Exactly Roguetrader. I'm ex-forces but I wouldn't expect to be able to use that as mitigation if I was stupid enough to commit an offence and then be caught, tried and found guilty.

This seems to be a developing trend though. It used to be that being a church goer was often used as mitigation but this seems to have morphed into being an ex or serving member of the Armed Forces.
[quote][p][bold]roguetrader666[/bold] wrote: What bearing does his ex army career have on the fact that he broke the law by drink driving? Small comfort to any relatives if he mowed someone down. What colour shoes did he wear with his grey suit?[/p][/quote]Exactly Roguetrader. I'm ex-forces but I wouldn't expect to be able to use that as mitigation if I was stupid enough to commit an offence and then be caught, tried and found guilty. This seems to be a developing trend though. It used to be that being a church goer was often used as mitigation but this seems to have morphed into being an ex or serving member of the Armed Forces. nothingtofear
  • Score: 11

2:46pm Fri 7 Feb 14

TheDistrict says...

I too am Ex Armed Forces, and I feel that those of us who do keep a clean record are being tarred with the same brush when the likes of the media, and in cases the defendant use the fact they are serving or ex serving Armed Forces. As regard to the law it should not stand, with the exception of having a clean record prior to the offence, whether serving, ex serving or a civilian. When it comes to the law, we should be equal.
I too am Ex Armed Forces, and I feel that those of us who do keep a clean record are being tarred with the same brush when the likes of the media, and in cases the defendant use the fact they are serving or ex serving Armed Forces. As regard to the law it should not stand, with the exception of having a clean record prior to the offence, whether serving, ex serving or a civilian. When it comes to the law, we should be equal. TheDistrict
  • Score: 8

3:49pm Fri 7 Feb 14

winton50 says...

Sir Beachy Head wrote:
The key thing here is Nobody saw him driving. Not the Police either, most importantly.
I therefore expect that he cannot be charged with drink driving but the lesser charge of being in charge of a motor vehicle whilst unfit through drink or drugs, which does indeed carry a 10 point penalty.

A failure to provide a specimen after being found driving would attract a minimum 1 year ban. I do not think he was or could be charged with that offence as there is no proof he drove. Just an assumption. The law doesn't work on assumptions. It works on proof and evidence.
Bah I deride your use of facts in an internet ragefest
[quote][p][bold]Sir Beachy Head[/bold] wrote: The key thing here is Nobody saw him driving. Not the Police either, most importantly. I therefore expect that he cannot be charged with drink driving but the lesser charge of being in charge of a motor vehicle whilst unfit through drink or drugs, which does indeed carry a 10 point penalty. A failure to provide a specimen after being found driving would attract a minimum 1 year ban. I do not think he was or could be charged with that offence as there is no proof he drove. Just an assumption. The law doesn't work on assumptions. It works on proof and evidence.[/p][/quote]Bah I deride your use of facts in an internet ragefest winton50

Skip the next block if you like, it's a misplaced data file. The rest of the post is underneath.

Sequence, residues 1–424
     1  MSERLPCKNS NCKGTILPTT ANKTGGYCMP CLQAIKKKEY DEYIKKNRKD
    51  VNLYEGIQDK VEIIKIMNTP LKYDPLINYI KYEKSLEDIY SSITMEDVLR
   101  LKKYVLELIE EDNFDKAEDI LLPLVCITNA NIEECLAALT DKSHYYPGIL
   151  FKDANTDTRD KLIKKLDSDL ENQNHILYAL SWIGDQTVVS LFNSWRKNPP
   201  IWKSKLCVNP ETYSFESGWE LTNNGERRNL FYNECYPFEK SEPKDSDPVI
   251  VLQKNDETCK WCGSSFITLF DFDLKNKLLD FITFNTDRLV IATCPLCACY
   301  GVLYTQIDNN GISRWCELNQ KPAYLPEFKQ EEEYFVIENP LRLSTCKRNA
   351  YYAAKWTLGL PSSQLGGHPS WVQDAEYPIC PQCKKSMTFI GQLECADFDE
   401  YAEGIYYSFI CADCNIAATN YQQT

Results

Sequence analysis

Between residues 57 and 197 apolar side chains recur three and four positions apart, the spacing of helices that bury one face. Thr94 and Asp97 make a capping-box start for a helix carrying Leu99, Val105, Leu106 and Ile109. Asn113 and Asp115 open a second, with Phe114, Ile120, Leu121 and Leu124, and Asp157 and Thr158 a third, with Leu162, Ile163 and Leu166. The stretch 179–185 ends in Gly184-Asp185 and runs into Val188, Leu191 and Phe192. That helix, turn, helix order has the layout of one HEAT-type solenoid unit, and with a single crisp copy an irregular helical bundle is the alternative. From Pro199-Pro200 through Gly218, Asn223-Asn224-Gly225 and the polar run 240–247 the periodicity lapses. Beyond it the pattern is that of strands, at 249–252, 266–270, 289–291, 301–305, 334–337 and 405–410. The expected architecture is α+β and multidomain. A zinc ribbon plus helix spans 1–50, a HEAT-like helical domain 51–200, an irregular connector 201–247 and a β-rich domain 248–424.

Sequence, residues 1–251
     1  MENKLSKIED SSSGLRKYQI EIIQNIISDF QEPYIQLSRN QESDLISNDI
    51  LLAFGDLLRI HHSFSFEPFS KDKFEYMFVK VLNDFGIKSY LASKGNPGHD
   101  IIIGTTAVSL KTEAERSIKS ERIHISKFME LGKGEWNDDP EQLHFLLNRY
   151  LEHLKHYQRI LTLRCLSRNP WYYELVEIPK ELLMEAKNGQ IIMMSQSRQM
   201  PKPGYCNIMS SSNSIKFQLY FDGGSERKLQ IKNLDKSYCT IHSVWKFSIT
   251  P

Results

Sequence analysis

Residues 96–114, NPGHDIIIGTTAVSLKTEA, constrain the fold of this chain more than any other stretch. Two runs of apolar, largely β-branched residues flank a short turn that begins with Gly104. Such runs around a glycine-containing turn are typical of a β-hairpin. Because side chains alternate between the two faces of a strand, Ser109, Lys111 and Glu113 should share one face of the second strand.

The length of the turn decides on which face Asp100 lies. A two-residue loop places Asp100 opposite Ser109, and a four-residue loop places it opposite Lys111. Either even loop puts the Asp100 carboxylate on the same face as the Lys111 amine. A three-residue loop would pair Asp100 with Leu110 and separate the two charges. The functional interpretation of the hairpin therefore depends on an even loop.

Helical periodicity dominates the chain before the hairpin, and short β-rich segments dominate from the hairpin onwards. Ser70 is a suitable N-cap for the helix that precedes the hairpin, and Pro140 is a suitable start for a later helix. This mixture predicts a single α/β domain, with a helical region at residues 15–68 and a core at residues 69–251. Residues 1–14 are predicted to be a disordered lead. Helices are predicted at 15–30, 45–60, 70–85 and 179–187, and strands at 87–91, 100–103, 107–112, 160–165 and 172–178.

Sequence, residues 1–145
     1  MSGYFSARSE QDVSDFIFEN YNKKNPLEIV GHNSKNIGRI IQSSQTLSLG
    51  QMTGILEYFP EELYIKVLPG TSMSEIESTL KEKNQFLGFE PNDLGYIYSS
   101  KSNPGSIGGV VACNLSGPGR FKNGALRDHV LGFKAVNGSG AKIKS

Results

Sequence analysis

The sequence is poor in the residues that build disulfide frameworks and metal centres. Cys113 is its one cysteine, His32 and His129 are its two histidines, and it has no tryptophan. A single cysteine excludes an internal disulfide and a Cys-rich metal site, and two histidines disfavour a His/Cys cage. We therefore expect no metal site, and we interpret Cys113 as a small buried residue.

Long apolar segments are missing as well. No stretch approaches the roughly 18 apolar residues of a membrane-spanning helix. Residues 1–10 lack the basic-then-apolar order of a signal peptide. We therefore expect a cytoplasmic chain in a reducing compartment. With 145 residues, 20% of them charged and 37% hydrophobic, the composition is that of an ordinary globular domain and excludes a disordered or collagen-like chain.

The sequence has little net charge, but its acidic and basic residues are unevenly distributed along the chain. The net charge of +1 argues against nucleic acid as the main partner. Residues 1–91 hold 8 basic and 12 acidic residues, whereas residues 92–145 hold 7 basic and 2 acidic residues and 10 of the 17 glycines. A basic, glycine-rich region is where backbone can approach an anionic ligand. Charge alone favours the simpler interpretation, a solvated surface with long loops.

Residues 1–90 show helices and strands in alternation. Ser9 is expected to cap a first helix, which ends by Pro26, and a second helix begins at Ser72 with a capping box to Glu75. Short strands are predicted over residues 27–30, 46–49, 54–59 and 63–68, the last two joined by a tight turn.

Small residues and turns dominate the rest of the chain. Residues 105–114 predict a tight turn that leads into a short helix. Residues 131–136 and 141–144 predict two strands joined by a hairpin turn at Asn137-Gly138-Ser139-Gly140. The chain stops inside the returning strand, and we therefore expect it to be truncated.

• Score: 4

4:04pm Fri 7 Feb 14

Hessenford says...

As much as I hate to see drunk drivers get away with being banned, if no one saw him driving the car then the police shouldn't have attempted a breath test for drink driving as they only assumed he had driven the car there, which he probably did, but there was no proof, he does look smug in the photo though, as though he got one over on the police.
As much as I hate to see drunk drivers get away with being banned, if no one saw him driving the car then the police shouldn't have attempted a breath test for drink driving as they only assumed he had driven the car there, which he probably did, but there was no proof, he does look smug in the photo though, as though he got one over on the police. Hessenford
  • Score: 5

4:37pm Fri 7 Feb 14

allopinionscount says...

Sir Beachy Head wrote:
The key thing here is Nobody saw him driving. Not the Police either, most importantly.
I therefore expect that he cannot be charged with drink driving but the lesser charge of being in charge of a motor vehicle whilst unfit through drink or drugs, which does indeed carry a 10 point penalty.

A failure to provide a specimen after being found driving would attract a minimum 1 year ban. I do not think he was or could be charged with that offence as there is no proof he drove. Just an assumption. The law doesn't work on assumptions. It works on proof and evidence.
Derf has summed it up. The law states that during the course of an investigation he / she fails to provide it is an absolute offence. However it is at the Courts discretion as to the penalty and this does not always include a ban. But keep trawling the internet for your 'facts'.
[quote][p][bold]Sir Beachy Head[/bold] wrote: The key thing here is Nobody saw him driving. Not the Police either, most importantly. I therefore expect that he cannot be charged with drink driving but the lesser charge of being in charge of a motor vehicle whilst unfit through drink or drugs, which does indeed carry a 10 point penalty. A failure to provide a specimen after being found driving would attract a minimum 1 year ban. I do not think he was or could be charged with that offence as there is no proof he drove. Just an assumption. The law doesn't work on assumptions. It works on proof and evidence.[/p][/quote]Derf has summed it up. The law states that during the course of an investigation he / she fails to provide it is an absolute offence. However it is at the Courts discretion as to the penalty and this does not always include a ban. But keep trawling the internet for your 'facts'. allopinionscount